EU Lawmakers Call for global ban on ‘killer robots’
The European Union (EU) took a stance against “killer robots” in mid-September 2018 when the European Parliament passed a resolution calling for an international ban on the development, production and use of weapons that kill without a human deciding to fire.
Autonomous weapons are machines programmed to select and attack targets using artificial intelligence, without human control. Opponents fear they could become dangerous in a cyber attack or because of a mistake in their programming.
“I know that this might look like a debate about some distant future or about science fiction. It’s not,” Federica Mogherini, the EU chief of foreign and security policy, said during a debate in Parliament the day before the vote.
The resolution strives to pre-empt development and use of autonomous weapons.
Countries, including the United States, China, Israel, South Korea, Russia and the United Kingdom, are moving closer to autonomous weapons systems, with precursors such as armed drones, according to the nonprofit group Human Rights Watch.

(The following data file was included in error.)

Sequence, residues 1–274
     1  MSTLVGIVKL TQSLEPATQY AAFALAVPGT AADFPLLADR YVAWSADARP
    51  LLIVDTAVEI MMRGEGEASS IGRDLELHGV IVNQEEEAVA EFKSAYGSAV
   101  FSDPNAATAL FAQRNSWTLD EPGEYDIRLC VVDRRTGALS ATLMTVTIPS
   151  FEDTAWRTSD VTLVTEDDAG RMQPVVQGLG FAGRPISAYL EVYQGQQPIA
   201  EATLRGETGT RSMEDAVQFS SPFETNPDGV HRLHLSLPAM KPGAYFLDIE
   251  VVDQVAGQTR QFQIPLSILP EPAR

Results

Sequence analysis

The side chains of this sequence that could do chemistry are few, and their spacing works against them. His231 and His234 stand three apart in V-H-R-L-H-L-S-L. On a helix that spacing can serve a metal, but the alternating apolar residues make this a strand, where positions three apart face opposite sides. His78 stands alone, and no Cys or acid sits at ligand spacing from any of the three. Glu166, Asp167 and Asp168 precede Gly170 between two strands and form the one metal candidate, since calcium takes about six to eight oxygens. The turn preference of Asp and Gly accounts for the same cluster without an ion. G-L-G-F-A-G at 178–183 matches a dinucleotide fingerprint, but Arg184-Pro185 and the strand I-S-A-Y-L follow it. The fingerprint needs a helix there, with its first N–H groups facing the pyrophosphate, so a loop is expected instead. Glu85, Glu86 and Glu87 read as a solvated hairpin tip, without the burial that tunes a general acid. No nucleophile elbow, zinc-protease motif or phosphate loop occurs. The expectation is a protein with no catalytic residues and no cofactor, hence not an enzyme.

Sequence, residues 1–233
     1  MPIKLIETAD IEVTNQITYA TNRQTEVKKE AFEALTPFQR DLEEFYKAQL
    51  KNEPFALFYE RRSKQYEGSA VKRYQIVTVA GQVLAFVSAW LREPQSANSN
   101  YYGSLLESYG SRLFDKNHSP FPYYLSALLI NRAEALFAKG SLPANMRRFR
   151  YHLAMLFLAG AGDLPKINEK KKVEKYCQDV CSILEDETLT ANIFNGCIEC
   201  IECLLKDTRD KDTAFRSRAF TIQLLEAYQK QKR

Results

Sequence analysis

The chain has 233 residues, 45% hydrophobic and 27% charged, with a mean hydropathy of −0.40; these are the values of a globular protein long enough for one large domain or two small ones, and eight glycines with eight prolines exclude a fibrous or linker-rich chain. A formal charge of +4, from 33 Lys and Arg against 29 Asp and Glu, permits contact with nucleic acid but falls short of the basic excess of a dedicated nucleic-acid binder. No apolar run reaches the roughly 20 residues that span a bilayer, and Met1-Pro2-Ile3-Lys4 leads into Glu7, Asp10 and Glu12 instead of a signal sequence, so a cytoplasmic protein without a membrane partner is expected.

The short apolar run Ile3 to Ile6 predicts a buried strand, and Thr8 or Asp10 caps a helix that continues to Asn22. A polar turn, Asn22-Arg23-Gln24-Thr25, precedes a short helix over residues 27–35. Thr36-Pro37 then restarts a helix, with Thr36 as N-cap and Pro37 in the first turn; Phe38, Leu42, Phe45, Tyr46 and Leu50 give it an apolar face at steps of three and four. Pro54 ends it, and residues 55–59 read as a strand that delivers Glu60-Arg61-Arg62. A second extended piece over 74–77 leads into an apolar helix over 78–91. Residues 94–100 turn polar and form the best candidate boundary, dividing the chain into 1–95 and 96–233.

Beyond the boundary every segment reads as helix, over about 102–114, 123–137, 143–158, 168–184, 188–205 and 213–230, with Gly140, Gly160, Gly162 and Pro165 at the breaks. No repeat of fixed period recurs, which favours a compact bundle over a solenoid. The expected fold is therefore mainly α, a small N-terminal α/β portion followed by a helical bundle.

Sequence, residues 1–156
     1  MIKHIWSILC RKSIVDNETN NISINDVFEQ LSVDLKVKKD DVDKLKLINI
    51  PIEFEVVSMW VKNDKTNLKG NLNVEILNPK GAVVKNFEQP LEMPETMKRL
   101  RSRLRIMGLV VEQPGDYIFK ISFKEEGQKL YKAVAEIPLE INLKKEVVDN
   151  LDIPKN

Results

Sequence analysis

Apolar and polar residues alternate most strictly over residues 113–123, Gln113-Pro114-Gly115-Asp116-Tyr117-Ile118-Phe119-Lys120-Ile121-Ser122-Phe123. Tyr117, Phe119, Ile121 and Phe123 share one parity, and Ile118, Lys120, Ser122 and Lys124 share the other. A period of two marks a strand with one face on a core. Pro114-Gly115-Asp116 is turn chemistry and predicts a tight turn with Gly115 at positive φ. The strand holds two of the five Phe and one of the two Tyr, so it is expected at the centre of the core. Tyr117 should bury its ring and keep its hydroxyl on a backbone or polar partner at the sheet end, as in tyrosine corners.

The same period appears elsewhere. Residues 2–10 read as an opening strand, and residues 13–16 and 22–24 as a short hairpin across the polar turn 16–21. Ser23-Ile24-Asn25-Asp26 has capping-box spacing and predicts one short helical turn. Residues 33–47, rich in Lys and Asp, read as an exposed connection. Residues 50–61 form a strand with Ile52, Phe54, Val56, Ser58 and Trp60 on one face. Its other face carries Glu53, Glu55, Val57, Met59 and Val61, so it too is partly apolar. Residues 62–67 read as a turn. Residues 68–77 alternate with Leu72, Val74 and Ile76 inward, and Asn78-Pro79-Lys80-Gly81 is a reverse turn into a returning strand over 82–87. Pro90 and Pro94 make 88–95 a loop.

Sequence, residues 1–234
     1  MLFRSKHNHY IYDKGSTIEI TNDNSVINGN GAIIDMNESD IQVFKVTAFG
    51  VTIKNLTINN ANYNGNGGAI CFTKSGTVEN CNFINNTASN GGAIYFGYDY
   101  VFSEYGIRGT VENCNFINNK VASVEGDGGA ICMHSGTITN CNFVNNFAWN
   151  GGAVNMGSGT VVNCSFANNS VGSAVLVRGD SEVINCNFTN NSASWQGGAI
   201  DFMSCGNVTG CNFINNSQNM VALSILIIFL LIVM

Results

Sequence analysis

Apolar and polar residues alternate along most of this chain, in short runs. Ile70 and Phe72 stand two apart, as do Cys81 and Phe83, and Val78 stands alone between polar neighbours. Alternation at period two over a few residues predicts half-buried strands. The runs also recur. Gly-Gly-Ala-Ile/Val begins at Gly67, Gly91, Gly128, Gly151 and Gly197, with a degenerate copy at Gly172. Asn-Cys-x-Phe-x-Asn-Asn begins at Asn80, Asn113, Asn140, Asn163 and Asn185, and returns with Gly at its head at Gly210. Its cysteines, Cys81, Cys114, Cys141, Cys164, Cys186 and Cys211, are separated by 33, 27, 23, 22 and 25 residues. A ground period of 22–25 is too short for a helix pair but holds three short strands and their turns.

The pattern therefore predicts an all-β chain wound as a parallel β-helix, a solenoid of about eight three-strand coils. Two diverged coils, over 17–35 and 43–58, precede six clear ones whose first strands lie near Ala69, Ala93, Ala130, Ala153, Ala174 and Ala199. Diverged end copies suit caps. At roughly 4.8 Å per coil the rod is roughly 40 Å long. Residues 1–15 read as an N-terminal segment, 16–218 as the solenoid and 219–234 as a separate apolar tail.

Russian news agency TASS reported in 2017 that Russian arms maker Kalashnikov had developed an automated weapon that was able to “identify targets and make decisions.”
Most members at the European Parliament debate favored the resolution, saying that the use of such weapons was an issue of human rights and humanitarian law. Some were concerned that legislation could limit scientific progress on artificial intelligence for everyday use.
Another concern stressed by the parliamentarians was the security risk the bloc would face if it banned the use of the weapons while others did not.
“Autonomous weapons systems must be banned internationally,” said Bodil Valero, security policy spokeswoman for the EU Parliament’s Greens/EFA Group. “The power to decide over life and death should never be taken out of human hands and given to machines.”
The resolution calls for the EU to establish a common position before international negotiations scheduled at the United Nations in November 2018.
At the U.N. level, 26 governments are demanding artificial intelligence weapons be banned, according to a statement from the Greens/EFA group.
“This resolution adds important momentum toward further steps to prevent their development and use,” said peace organization PAX in a statement after the September vote. Reuters